Fungal lung infections could be treated with modified immune cells known as CAR T-cells, a study in mice suggests.

Aspergillus fumigatus is a ubiquitous mold that can cause severe infections in immunocompromised patients, typically manifesting as invasive pulmonary aspergillosis (IPA). Adaptive and innate immune cells that respond to A. fumigatus are present in the endogenous repertoire of patients with IPA but are infrequent and cannot be consistently isolated and expanded for adoptive immunotherapy. Read more here.

How invasive pulmonary aspergillosis get into the lungs

People often breathe in a fungus called Aspergillus fumigatus that is commonly found in the air and soil. When we are healthy, our immune systems can normally clear any fungus out of the lungs before it causes harm.

However, in people with suppressed immune systems – which can result from cancer treatment or receiving transplants, for example – the fungus can grow in the lungs, causing breathlessness and, in extreme cases, death.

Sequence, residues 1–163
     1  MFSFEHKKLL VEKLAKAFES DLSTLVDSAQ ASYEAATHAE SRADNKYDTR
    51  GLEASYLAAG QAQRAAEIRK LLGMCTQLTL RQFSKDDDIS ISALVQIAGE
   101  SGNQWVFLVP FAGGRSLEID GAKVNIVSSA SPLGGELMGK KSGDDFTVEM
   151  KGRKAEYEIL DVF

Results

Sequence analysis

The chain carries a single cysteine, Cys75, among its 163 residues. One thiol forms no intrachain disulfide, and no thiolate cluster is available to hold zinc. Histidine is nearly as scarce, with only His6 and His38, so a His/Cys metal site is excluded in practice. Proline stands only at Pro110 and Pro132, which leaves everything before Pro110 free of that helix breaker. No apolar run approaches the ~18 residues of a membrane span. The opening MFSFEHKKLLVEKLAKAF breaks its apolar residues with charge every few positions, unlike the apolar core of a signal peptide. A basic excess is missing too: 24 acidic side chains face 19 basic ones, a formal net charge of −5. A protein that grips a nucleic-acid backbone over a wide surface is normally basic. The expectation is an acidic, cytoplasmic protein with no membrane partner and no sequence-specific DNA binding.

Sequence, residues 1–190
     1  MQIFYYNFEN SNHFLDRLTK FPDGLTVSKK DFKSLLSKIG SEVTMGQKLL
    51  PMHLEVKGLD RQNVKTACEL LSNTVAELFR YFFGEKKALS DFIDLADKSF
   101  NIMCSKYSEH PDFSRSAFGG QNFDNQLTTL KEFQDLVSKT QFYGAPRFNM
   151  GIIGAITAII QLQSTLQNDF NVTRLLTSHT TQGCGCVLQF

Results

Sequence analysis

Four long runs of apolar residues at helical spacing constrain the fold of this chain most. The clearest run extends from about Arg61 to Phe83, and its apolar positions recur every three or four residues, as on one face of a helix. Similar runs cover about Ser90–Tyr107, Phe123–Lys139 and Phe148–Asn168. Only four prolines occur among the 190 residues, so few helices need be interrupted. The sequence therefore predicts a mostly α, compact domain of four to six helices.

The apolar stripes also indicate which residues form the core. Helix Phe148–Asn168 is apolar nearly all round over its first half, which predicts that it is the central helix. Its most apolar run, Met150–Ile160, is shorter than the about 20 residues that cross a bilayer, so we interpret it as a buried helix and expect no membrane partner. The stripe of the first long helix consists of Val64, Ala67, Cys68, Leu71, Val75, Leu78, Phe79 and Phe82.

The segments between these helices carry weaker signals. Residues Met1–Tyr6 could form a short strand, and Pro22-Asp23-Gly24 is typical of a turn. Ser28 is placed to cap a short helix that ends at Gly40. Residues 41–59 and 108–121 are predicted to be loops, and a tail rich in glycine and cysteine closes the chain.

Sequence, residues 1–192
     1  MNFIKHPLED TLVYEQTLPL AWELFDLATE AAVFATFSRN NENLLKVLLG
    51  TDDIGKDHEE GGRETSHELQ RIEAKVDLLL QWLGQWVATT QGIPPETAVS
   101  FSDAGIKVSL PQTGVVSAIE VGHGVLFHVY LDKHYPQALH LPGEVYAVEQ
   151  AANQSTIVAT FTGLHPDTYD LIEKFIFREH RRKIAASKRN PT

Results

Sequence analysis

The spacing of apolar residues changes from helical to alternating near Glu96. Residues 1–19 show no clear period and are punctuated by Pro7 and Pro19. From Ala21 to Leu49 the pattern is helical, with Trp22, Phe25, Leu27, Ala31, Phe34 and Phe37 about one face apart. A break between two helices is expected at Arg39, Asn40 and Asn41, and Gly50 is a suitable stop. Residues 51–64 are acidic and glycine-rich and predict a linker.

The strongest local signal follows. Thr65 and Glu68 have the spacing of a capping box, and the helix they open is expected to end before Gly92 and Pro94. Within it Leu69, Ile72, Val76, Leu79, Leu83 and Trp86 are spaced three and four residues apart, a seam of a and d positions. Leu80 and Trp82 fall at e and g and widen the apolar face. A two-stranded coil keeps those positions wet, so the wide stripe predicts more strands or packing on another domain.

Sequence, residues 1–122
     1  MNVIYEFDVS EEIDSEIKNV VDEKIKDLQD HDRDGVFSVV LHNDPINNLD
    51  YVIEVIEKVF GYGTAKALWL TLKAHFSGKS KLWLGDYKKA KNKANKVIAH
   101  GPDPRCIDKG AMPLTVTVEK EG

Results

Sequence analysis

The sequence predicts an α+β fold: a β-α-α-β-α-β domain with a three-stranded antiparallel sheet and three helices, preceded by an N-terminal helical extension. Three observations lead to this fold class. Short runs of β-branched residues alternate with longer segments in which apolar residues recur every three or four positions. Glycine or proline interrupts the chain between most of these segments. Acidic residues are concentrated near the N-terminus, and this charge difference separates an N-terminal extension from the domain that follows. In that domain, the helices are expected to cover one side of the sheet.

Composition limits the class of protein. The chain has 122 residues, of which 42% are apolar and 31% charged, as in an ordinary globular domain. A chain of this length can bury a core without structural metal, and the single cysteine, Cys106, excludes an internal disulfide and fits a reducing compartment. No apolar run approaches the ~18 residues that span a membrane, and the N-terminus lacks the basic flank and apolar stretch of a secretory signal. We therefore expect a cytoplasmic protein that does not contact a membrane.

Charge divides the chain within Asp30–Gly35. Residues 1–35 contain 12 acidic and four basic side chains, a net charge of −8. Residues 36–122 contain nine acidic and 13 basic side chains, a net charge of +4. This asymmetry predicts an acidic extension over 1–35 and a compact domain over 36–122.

This condition, called invasive pulmonary aspergillosis, is often treated using antifungal drugs, but such medicines can damage the kidney and liver, and don’t always work against some variants of A. fumigatus.

In search of an alternative treatment, Michael Hudecek at University Hospital Würzburg in Germany and his colleagues took immune cells called T-cells that had been donated by people without immune system issues. They then modified them to produce proteins on their surface called chimeric antigen receptors, or CARs. The CARs bind to proteins on the fungus cell wall. The resultant cells, known as CAR T-cells, can track down and kill invasive cells once infused into the body. Read more here.